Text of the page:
On the global level, we need political action to combat climate change. The temperatures in Malawi have risen by almost one degree Celsius since 1960 but under current projections they are expected to rise by up to five, and perhaps even six, degrees by the end of this century. It is difficult to see how anybody could continue to live in villages like Mary’s under such a situation. 

This Sunday, Trócaire and the Stop Climate Chaos coalition will host a series of marches in Dublin, Cork and Belfast calling for political action to address this crisis. 

Join us and add your voice to the calls to make our world safe. 

Buy a Trócaire Gift this Christmas to help families in the developing world. Order online or by phoning 1850 408 408 (ROI) or 0800 912 1200 (NI)​

November 25, 2015

Transforming men’s attitudes and behaviours to end violence against women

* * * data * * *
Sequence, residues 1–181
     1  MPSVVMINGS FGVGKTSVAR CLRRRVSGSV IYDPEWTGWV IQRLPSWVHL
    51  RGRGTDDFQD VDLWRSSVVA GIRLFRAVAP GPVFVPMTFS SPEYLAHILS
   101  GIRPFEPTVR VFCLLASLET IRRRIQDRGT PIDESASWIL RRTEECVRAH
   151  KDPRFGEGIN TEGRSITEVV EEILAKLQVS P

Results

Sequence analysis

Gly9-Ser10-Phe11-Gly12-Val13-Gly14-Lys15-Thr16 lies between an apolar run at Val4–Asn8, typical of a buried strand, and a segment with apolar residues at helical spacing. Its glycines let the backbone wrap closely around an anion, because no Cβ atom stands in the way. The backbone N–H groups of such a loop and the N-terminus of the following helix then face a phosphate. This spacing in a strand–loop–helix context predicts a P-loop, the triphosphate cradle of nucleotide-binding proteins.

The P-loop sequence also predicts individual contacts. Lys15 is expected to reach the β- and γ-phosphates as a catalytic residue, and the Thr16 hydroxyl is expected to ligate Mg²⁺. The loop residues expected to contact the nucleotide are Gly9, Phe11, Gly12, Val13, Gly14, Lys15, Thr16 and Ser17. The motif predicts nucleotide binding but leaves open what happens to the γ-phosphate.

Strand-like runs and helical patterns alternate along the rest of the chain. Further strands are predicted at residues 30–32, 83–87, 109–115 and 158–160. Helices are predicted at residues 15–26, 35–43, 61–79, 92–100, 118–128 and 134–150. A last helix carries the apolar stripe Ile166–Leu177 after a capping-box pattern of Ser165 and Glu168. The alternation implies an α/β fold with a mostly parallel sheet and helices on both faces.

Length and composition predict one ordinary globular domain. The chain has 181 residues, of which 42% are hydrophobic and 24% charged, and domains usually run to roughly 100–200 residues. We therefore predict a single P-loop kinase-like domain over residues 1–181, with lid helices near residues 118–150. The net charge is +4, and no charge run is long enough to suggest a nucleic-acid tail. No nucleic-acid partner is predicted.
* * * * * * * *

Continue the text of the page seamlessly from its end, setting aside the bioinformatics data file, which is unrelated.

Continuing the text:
Today is the International Day for the Elimination of Violence against Women which marks the beginning of the international 16 Days of Activism against Gender-Based Violence Campaign (from 25 November to 10 December).

Today also marks the 10-year anniversary of the Irish Consortium on Gender Based Violence (ICGBV) of which Trócaire is a proud member. In celebration of both events, the ICGBV today held a seminar at the Royal Irish Academy.

Titled “Standing Up, Speaking Out: Transforming Men’s Attitudes and Behaviours to end Violence Against Women”, the seminar explored how engaging men and boys can be an effective tool in the fight to end violence against women and girls. It brought together global perspectives on transforming men’s attitudes and behaviours to end violence against women and girls from organisations working in Malawi, Lebanon and Ireland.

The keynote speech was delivered by President of Ireland, Michael D. Higgins, who has previously shown his solidarity for gender equality as a Global HeForShe Champion.

In his speech President Higgins highlighted the opportunities offered by the new Sustainable Development Goals (SDGs), in particular SDG number 5 which aims to 'Achieve gender equality and empower all women and girls'